SBA Makes Some Businesses Small Again

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The Small Business Administration raised the size standards that define what it considers a small business last week. The move makes about 11,600 more companies eligible for SBA programs, the federal agency estimated.

The SBA increased the standards by as much as $2.5 million, with different increases for different industries. For an industry where the SBA previously defined a small business as a firm with $6 million or less in annual sales receipts, the new size standard is $6.5 million in annual receipts.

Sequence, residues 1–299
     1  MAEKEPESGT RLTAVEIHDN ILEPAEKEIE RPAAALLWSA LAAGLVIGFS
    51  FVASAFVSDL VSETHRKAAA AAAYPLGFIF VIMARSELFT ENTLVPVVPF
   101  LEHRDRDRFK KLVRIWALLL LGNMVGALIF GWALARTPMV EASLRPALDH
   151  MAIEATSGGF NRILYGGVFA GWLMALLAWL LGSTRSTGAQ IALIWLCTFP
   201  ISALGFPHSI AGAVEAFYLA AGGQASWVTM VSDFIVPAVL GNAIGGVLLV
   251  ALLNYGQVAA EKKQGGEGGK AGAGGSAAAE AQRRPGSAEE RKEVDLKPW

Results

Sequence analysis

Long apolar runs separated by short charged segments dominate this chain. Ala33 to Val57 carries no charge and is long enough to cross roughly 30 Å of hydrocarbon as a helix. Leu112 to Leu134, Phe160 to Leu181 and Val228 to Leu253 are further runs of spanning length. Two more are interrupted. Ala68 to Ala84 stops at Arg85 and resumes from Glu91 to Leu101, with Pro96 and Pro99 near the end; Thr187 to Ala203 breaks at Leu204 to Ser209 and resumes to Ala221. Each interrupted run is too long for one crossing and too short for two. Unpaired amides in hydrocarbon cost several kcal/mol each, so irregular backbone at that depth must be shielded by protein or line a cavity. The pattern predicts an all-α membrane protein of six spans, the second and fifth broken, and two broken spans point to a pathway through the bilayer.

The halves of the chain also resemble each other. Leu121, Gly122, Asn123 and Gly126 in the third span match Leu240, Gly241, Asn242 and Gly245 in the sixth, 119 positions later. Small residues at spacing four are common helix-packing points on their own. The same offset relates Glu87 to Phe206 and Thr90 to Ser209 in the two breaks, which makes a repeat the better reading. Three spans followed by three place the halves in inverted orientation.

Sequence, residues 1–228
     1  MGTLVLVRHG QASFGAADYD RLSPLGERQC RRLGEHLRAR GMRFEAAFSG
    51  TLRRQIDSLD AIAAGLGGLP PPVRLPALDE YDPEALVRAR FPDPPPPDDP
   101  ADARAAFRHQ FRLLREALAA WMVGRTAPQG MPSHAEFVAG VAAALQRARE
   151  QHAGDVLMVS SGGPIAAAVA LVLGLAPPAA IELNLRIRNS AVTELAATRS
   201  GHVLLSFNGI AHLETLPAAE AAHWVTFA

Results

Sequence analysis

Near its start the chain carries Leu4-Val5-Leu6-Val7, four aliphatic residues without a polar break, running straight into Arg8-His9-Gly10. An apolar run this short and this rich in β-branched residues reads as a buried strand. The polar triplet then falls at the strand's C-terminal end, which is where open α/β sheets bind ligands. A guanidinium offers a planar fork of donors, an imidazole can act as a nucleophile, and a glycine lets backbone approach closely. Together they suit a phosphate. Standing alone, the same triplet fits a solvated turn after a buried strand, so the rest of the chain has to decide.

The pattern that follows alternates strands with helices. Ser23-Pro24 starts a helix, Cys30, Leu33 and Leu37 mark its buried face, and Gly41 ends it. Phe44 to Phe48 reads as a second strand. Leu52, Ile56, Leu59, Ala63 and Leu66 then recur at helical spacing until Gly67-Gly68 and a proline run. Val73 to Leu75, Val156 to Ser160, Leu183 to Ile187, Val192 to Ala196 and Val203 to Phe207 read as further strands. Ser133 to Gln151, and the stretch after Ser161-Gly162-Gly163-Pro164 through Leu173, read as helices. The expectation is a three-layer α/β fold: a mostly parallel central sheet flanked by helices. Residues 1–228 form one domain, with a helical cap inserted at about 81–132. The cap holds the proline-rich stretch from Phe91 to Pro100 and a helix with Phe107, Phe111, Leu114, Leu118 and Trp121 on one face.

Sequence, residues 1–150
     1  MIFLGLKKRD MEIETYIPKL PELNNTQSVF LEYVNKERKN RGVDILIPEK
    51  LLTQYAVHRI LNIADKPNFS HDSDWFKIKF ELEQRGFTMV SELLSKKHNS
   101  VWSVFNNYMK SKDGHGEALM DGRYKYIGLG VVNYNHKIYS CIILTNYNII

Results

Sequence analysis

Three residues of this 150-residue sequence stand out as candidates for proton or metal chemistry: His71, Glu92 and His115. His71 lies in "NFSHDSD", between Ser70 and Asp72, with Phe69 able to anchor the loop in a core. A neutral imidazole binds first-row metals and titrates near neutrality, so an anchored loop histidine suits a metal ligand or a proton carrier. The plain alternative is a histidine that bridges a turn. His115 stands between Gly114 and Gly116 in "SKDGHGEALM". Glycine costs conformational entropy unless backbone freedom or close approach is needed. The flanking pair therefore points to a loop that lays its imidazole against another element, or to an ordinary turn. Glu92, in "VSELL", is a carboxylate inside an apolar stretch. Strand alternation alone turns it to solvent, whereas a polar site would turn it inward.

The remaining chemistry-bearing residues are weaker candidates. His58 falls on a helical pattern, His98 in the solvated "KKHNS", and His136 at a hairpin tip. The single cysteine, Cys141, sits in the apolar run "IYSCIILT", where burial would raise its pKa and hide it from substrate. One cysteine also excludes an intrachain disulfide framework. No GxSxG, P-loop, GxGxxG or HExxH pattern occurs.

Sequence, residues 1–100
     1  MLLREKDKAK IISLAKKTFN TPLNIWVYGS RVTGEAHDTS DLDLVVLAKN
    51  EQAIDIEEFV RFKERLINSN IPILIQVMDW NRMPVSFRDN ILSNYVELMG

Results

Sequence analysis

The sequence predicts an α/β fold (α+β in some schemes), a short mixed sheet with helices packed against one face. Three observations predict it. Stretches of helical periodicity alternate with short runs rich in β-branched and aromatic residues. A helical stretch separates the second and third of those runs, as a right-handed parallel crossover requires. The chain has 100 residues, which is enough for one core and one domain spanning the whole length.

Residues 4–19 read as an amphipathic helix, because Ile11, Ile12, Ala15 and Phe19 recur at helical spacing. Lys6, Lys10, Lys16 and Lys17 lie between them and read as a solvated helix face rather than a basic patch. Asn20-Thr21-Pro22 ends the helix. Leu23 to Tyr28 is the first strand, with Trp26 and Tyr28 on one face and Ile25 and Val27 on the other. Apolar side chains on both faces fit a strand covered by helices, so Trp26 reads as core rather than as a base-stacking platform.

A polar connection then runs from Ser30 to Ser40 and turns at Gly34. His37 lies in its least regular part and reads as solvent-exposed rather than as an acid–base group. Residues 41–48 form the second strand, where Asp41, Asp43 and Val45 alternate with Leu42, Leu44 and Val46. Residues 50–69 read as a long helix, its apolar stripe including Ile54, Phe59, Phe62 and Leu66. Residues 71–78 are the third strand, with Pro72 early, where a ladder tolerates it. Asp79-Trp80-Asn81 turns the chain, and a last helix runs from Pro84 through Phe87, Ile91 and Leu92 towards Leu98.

The SBA said that it raised standards because of inflation, as prices grew by 8.7% since the standards were last raised three years ago. The SBA is required to update them every five years.

Last year, the SBA took heat from small businesses when it proposed an overhaul of its standards. But firms that would have lost their small business designations protested the move, and the SBA pulled it back.

The new change won't erase the eligibility of any business for the SBA's programs. But with a few more companies now eligible for SBA programs, might the change make it tougher to score an SBA loan?

Last updated: Dec 15, 2005




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